Having to put a spouse in a nursing home can be devastating enough. Worrying about whether you will have enough assets left to provide for yourself after paying for your spouse’s care adds another layer of worry and stress to an already difficult situation. Care in a long-term care facility can cost upwards of $100,000 per year. Few people can afford to pay out of pocket for long. Most eventually qualify for Medicaid assistance.
In order to qualify for Medicaid, the spouse in the nursing home must “spend down” assets. The other spouse, called the “community spouse,” may keep a limited amount of the couple’s joint assets ($126,420 in Michigan in 2019), called the Community Spouse Resource Allowance (CSRA). Not all assets are “countable” for the purposes of qualifying for Medicaid.
Assets that are countable include stocks, bonds, and other investments, savings and checking accounts, real estate other than a primary residence, and, of course, cash. Assets that are generally considered non-countable, or excluded, include the primary residence of the Medicaid applicant and/or the community spouse. Other excluded assets include household furnishings, personal property, irrevocable prepaid funeral contracts, and an automobile.
Naturally, anyone faced with the possibility of someday needing nursing home care for themselves or a spouse would prefer to move as many assets as possible out of the “countable” bucket and into the “excluded” bucket. This led to the need for Medicaid planning, and to the creation of so-called “sole benefit, ” or “SBO” trusts.
About 25 years ago, elder law attorneys in Michigan began helping clients using trusts intended for the “sole benefit of the community spouse.” These trusts operated by rendering some assets unavailable to both the nursing home spouse and the community spouse at the time of the nursing home spouse’s application for Medicaid benefits. Because the assets were an exempt transfer to the trustee of the sole benefit trust, they were not affected by spousal resource limits set forth in federal law.
Initially, the Michigan state Medicaid program agreed that these sole benefit trusts were exempt from anti-transfer rules under federal law. The reasoning behind this conclusion was that the assets were going into a trust for the sole benefit of the community spouse; furthermore, the community spouse did not have the ability to liquidate the trust, nor did she or he have the ability to take distributions from the trust at the time of the Medicaid application. In addition, the community spouse would be the only person entitled to distributions during his or her lifetime, and those distributions had to be made on an “actuarially sound” basis.
In essence, the funds were deemed available (and thus countable) if there were “any circumstances” under which a community spouse could receive a payment, or under which a payment could be made for his or her benefit.
Unfortunately, the Michigan state Medicaid program changed its tune regarding sole benefit trusts in 2014. The agency asserted that funds in such a trust were subject to the “any circumstances” test in federal law. In essence, the funds were deemed available (and thus countable) if there were “any circumstances” under which a community spouse could receive a payment, or under which a payment could be made for his or her benefit.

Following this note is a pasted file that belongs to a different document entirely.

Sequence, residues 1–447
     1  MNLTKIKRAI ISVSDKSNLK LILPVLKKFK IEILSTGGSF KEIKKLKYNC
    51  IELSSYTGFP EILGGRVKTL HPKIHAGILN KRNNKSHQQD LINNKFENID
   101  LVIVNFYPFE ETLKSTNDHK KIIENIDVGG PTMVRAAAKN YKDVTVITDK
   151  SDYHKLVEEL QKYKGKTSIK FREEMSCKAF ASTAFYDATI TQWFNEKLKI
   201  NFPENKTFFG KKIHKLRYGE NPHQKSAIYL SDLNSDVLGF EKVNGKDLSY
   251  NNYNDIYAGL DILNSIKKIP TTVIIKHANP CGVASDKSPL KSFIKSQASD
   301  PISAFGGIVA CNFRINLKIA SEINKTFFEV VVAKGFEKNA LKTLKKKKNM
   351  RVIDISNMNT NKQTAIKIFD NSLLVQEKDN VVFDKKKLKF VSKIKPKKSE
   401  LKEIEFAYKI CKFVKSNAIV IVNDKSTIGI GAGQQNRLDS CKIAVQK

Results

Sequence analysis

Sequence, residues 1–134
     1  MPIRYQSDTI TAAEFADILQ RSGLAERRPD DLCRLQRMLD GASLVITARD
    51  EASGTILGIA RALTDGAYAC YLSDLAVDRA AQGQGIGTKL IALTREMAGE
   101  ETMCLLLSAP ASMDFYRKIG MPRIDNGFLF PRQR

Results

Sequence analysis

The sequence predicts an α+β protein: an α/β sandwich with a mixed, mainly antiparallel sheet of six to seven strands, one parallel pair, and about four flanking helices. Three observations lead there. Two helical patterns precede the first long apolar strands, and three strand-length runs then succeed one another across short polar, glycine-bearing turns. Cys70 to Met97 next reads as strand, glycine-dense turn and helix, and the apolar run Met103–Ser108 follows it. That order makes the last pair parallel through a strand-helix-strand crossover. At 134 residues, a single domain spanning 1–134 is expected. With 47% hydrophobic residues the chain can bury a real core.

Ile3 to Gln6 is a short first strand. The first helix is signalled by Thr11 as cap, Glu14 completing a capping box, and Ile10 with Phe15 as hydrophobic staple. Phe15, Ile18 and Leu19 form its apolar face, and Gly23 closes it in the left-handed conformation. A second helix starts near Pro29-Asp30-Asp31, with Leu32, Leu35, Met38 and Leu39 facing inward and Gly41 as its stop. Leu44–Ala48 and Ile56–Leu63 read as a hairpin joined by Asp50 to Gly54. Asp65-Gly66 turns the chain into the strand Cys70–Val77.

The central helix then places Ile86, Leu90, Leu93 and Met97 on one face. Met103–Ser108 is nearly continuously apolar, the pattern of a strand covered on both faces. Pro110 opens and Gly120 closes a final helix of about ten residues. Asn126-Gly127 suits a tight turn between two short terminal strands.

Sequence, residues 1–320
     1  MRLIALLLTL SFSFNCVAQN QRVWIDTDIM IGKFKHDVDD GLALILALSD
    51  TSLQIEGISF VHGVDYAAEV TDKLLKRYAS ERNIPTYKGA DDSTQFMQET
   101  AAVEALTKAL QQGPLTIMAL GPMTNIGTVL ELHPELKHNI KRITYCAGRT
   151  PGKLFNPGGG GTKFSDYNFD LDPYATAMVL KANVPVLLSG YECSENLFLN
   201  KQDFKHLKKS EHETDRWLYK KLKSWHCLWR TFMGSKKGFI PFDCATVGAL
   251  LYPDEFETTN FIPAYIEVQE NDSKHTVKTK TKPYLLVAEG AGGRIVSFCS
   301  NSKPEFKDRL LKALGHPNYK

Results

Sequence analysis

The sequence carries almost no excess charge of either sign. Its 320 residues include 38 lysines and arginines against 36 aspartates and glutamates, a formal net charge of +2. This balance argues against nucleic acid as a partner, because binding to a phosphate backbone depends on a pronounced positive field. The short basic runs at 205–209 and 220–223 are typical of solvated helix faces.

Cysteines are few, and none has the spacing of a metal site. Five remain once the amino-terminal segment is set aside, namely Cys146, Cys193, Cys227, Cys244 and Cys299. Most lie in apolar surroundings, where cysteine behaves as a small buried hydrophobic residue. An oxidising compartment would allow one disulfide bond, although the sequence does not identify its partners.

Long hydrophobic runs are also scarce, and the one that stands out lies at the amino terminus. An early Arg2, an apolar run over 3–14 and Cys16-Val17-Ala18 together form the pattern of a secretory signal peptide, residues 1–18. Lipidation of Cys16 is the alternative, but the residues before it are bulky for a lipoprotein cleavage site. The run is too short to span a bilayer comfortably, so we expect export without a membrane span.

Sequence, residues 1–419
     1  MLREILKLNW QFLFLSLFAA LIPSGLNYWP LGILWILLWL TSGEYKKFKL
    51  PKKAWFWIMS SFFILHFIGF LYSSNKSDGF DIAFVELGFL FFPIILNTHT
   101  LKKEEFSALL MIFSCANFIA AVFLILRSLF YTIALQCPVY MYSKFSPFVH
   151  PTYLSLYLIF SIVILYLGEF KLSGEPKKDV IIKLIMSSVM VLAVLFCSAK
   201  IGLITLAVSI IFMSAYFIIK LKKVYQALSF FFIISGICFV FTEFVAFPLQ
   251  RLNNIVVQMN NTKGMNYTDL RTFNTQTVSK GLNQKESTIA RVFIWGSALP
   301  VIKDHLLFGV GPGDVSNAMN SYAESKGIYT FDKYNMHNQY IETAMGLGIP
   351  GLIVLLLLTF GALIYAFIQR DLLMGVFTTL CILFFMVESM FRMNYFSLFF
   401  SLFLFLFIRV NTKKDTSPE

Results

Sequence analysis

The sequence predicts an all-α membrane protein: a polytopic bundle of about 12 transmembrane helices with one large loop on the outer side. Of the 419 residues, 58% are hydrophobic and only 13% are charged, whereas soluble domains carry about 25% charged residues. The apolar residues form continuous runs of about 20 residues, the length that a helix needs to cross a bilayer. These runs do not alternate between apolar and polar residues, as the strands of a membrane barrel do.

Three Michigan couples had created and funded sole benefit trusts, and three who had done so and had a spouse’s application for benefits denied filed appeals. The decision of the Michigan Medicaid agency was reversed in two cases, but those victories were themselves reversed in the Michigan Court of Appeals. Upon further appeal, the Michigan Supreme Court then reviewed all three of the cases together. The Court of Appeals decision was overturned, meaning that sole benefit trusts were again permissible to keep assets for the benefit of the community spouse from being counted by Medicaid.
The court reasoned that assets held by a trustee who was not the spouse were not assets “held by” either spouse for the purposes of the Spousal Impoverishment provision in federal law. The Community Spouse Resource Allowance is determined by this provision.
The Michigan Supreme Court also addressed the issue of who was “the individual” under federal law. 42 U.S.C. 1396p(d)(3)(B)(i) says that assets in a trust are considered available if there are “any circumstances” under which payments could be made to “the individual.” After careful analysis of the federal statute and its history, the court concluded that “the individual” refers to the nursing home spouse applying for benefits—not the community spouse. Since the sole benefit trust is for the benefit of the community spouse, assets in the trust are not available to “the individual,” the person who applied for benefits.
All of this complicated legal wrangling appears to be very good news for couples trying to preserve resources for the support of a community spouse while the other spouse is in long-term care. It remains to be seen how this ruling will be applied to new Medicaid applications where SBO trusts are used. Stay tuned!
If you are concerned that you or your spouse might need long-term care soon, or at some future date, it is wise to consider protecting the resources of the spouse who remains outside the nursing home. We invite you to contact our law office to schedule a consultation to discuss your options, which once again include sole benefit trusts.